Original Document
Original Document
Robert Reiss, "17,000 Watch Phillies Whip A's in First Sunday Game. Church Attendances Fail to Show Predicted Drop at Blue Law's Death. National Leaguers Hand 8 to 12 Defeat to Minions of Connie Mack." Philadelphia Bulletin, April 9, 1933.

Philadelphia saw its first Sunday baseball game yesterday–but took it as a matter of course.

The crowd of 17,000 that swarmed into Shibe Park for the epochal game was just another ball crowd. There was no roistering, no boisterous celebration of the wake of the Blue Laws–none of the dire things that the Blue Laws advocates woefully prophesized.

The crowd cheered and made noise while it watched the Phillies hand the A's an 8 to 1 trimming–but a passerby two blocks away wouldn't have known it. No church services were disturbed, a fact that was admitted by clergymen and even by some of the men who fought hardest against liberalization of the Blue Laws.

Shibe is Surprised

Even Tom Shibe, owner of the Athletics, was surprised.

The boxes where the elite normally watch the pastime, were almost empty, but the grandstand was jammed with cash customers and the bleachers filled comfortably with the sided-ion-the-wool variety of fan.

It was a well-dressed, ordinary sort of gathering, out to see a baseball game. In no way did it represent a group watching a game unique in Philadelphia. It was as if the defunct laws of 1794 never had existed.

Treat for Many

"This should mean a great deal for Philadelphia itself as well as for the Philadelphia baseball teams," Shibe said as he took his seat. "This is a crowd that evidently is enjoying itself as it likes to. These are ball fans, many of whom have been unable to see their favorite pastime because of the Blue Laws."
"Just take a look around you and see if these are the sort of people you would call law breakers."

Connie Mack, gray-haired leader of the Athletics, was philosophical regarding the comparatively small turnout.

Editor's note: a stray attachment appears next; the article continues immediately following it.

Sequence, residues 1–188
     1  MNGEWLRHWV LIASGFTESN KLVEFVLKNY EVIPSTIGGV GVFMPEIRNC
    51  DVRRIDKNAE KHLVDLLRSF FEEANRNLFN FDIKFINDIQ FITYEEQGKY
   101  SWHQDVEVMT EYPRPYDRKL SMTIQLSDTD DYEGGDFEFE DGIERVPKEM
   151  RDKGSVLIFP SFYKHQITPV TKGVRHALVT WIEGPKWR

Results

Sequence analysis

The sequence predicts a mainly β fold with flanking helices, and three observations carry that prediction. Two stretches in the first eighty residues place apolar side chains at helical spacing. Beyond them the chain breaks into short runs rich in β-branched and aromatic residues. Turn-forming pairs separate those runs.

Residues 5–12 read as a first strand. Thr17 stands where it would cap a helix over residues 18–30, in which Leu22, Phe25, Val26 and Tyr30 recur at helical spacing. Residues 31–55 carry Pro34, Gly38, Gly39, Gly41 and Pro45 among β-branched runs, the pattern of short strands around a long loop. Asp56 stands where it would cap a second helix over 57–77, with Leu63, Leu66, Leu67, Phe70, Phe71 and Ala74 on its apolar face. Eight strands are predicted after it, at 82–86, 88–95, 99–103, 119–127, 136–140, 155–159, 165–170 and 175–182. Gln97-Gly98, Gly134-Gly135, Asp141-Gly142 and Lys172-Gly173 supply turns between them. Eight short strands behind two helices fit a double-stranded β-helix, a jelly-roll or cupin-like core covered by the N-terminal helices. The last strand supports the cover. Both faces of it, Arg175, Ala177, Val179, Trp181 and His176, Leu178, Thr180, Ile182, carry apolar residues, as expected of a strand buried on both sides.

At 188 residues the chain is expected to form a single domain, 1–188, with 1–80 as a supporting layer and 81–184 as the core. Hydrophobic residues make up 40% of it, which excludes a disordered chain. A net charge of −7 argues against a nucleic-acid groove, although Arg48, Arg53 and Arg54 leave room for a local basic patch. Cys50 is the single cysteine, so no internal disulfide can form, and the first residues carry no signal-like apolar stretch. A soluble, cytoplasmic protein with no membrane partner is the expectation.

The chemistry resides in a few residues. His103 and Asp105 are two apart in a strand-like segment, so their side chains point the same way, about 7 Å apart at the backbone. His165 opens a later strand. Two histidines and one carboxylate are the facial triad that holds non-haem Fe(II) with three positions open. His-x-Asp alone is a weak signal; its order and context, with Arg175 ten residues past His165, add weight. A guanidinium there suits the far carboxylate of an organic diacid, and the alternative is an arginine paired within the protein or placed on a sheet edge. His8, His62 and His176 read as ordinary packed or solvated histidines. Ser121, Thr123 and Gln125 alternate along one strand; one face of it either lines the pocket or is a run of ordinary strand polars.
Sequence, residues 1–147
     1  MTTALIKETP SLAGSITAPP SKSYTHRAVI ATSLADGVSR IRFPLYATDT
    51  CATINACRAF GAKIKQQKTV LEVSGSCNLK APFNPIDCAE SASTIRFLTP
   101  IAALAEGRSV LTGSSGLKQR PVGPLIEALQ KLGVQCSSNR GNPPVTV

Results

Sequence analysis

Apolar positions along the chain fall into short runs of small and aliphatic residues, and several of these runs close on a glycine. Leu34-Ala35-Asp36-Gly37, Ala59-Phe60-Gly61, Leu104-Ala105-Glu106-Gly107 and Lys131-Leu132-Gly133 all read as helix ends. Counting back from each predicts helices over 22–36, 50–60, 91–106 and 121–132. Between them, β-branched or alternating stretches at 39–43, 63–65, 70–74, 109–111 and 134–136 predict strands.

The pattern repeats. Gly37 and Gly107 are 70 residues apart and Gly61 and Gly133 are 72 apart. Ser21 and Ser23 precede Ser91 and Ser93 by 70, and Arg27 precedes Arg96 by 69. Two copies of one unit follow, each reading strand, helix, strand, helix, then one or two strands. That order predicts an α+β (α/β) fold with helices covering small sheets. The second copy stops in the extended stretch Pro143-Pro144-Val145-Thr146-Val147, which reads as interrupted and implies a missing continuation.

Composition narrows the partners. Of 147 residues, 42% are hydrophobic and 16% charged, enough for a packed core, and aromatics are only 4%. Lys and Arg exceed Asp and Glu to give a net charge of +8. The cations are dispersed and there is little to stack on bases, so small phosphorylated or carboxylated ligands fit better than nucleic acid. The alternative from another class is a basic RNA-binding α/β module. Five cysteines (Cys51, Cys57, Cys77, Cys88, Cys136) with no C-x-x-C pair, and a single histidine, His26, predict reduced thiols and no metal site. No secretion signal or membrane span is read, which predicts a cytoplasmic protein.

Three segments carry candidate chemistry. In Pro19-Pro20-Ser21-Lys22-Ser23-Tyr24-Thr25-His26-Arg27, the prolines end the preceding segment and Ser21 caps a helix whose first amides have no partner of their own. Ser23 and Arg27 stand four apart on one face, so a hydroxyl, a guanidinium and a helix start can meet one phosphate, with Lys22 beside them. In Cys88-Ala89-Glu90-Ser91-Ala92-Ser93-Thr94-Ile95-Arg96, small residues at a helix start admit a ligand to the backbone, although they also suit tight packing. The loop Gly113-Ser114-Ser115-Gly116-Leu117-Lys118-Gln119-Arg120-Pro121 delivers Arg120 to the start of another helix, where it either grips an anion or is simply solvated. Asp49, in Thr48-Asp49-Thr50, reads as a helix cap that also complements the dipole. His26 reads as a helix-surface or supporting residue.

"There are as many here today as I expected," he said. "We must remember this is an exhibition game."

Not Disappointed

"If it were a championship game, I should feel a bit disappointed. But I expect the attendance to increase during the season. For the last few years, because of the depression, we have had a falling off in attendance."

"I look for this to pick up. This will be particularly true if we can give the fans some good baseball."

Mack was particularly pleased, he said, at the behavior of the crowd.

There was the usual turnout of public offici8als but they received only passing attention. Even the man responsible for the game entered and left the stands without being noticed.

Schwartz Unheralded

State Representative Louis Schwartz, who sponsored the bill that killed the Blue Laws, strode to his seat without a head being turned or a camera pointed his way. …

Many at Other Games

The exhibition between the two major league clubs did not receive all of the attention given by the fans in the city.

It was estimate that nearly 40,000 persons witnessed this and other games during the game.

Rev. George Moaha, pastor of the Belmont Baptist Church, 44th st. and Westminster ave., whop said he was not opposed to liberalization of the Sunday laws, found his faith justified when his church was filled "as usual."

"The game had not effect," he said. "Many ministers believed it would, but I never thought so."

Majority View the same

Others held divergent views, but the majority admitted church attendance appeared unaffected by the new deal. Dr. William B. Forney, secretary of the Lord's Day Alliance and leader in the long fight for "preservation of the Sabbath," frankly admitted "no one expected Sunday baseball to affect the morning services min churches." He was sure, however, that the baneful effect of Sunday baseball would be felt ultimately, especially in the Sunday school services where those are held during the afternoon.

Credit: Philadelphia Bulletin, April 9, 1933.
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